Researchers in Germany have discovered that babies are born with accents.
Writing in Current Biology, University of Wurzburg scientist Birgit Mampe and her colleagues recorded the cries of 60 newborn babies, half of them French, half of them German. The cries were analysed and in each case a strong signature "melody contour" emerged that was highly correlated with the nationality of the baby.
Those born to French mothers produced a rising melody contour whilst German babies had a falling melody contour; in both cases these match the signatures of their parents' native languages.
Previous research has focused mainly on how babies respond to sounds, particularly in responding selectively to their mothers' voices, but this had suggested that this sort of recognition occurs after about 4 months of age.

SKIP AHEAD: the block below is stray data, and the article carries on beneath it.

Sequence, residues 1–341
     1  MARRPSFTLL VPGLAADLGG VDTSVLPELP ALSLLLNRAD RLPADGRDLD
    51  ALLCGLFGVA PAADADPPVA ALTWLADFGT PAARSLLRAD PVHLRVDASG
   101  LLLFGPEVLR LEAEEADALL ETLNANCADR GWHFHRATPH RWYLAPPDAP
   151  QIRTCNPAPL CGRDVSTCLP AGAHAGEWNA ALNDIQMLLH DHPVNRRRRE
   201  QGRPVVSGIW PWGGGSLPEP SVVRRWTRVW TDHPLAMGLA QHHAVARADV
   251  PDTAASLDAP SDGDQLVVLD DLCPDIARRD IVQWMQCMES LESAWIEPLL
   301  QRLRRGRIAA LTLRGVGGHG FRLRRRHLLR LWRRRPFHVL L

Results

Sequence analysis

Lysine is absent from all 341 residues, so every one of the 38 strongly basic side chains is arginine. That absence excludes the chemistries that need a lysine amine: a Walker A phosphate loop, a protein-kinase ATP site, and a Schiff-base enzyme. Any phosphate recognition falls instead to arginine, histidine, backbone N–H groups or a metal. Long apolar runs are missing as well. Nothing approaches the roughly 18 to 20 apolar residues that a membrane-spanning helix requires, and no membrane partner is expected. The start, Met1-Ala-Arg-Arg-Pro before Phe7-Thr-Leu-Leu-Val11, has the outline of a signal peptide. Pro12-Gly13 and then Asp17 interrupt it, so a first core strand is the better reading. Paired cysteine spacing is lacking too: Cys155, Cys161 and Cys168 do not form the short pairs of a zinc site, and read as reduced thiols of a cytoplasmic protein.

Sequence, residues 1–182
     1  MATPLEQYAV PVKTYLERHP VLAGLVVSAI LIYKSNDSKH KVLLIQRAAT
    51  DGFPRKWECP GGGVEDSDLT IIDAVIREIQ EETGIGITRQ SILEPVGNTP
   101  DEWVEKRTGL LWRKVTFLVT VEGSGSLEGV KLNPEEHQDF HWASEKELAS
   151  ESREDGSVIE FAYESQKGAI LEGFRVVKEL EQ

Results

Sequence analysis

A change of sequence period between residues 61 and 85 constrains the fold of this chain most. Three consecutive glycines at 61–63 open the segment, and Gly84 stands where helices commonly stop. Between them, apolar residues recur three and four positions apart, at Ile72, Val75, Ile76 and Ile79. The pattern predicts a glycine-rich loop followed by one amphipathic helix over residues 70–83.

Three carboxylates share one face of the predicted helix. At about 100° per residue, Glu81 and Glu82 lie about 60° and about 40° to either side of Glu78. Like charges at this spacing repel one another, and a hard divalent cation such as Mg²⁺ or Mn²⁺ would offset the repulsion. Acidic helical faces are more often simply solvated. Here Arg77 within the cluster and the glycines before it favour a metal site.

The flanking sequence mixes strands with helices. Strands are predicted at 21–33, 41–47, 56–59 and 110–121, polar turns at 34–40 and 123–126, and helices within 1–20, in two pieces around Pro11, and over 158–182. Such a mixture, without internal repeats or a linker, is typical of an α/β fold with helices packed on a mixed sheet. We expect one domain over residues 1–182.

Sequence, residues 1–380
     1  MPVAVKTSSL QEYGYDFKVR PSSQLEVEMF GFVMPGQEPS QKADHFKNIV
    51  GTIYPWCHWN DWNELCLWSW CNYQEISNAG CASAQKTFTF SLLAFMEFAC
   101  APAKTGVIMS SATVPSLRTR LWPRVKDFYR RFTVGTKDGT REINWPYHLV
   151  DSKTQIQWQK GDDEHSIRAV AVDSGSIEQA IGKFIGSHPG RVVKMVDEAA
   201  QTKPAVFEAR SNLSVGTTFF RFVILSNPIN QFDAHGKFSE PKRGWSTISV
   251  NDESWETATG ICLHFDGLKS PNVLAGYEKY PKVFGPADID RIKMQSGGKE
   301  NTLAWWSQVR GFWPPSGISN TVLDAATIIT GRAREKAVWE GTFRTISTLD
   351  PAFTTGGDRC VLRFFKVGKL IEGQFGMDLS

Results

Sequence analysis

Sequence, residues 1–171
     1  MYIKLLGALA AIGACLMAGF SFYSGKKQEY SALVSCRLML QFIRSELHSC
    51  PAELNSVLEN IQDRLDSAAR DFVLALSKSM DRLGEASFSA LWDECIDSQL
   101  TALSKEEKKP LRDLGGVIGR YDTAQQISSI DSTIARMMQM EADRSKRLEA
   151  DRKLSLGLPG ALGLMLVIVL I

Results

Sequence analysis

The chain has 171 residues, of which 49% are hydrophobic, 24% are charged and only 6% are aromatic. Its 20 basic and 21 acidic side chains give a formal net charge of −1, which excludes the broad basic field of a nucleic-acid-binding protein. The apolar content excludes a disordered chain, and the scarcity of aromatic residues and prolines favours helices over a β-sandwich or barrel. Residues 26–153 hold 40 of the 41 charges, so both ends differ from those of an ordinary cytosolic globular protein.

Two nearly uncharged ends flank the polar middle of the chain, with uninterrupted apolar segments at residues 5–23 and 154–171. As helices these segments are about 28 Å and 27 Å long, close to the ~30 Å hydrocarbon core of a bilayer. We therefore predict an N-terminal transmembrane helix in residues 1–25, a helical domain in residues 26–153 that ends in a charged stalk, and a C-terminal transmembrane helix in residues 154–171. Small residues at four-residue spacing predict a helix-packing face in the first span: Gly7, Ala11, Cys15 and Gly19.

However, this new research reveals convincingly that babies have been listening intently to the sounds of their mothers' voices in utero and are born with the ability to sound the same.
This, say the scientists, is probably the key - "newborns are motivated to imitate their mothers in order to attract them and foster bonding. Because melody contour may be the only aspect of their mother's speech that they are able to imitate, this might explain melody contour imitation at such an early age."